An informal roll call of Fortune 500 CEOs that dropped out of high school or university and went on to become self-made billionaires, includes the following: Bill Gates (Microsoft), Larry Page (Google), Michael Dell (Dell), David Geffen (Geffen Records), Steve Jobs (Apple), Richard Branson (Virgin), Ralph Lauren (Ralph Lauren), Jerry Yang (Yahoo) and the aforementioned Zuckerberg.
Most on this list received a modicum of post-secondary education, before bailing and pursuing their entrepreneurial dreams.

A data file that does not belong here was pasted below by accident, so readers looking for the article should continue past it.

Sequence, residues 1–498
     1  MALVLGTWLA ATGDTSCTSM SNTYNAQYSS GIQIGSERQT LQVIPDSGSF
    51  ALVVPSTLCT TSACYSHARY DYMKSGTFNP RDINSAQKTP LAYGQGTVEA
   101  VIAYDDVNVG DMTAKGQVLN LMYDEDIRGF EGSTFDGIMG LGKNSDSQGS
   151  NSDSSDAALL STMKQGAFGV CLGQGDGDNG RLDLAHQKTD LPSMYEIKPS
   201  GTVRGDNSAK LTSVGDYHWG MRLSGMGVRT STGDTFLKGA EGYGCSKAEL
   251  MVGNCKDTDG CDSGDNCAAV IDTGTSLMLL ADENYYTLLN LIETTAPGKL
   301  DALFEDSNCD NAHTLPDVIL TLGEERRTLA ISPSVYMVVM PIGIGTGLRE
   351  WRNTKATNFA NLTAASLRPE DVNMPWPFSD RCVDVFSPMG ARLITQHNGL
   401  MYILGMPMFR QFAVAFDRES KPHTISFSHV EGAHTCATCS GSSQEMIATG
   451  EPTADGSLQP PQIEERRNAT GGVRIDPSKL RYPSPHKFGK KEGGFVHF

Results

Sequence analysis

Like Zuckerberg, Gates also went to Harvard. Page and Yang both attended Stanford. Jobs only completed one semester at Reed College in Portland, Oregon. Dell left the University of Texas at 19. Geffen dropped out of three universities before launching his record label. Lauren went to little-known Baruch College in New York State, but left after two years. Branson, a mild dyslexic, never made it out of high school. And it’s not clear if Ford founder Henry Ford ever had any formal education, outside his training as a machinist.
A new blog post (“Is College Necessary for Young Entrepreneurs?”) by Adam Toren, who co-founded YoungEntrepreneur.com with his brother Matthew, uses a fascinating survey by OnlineCollegesandUniversities.com to fuel the discussion of how important a diploma is to entrepreneurs.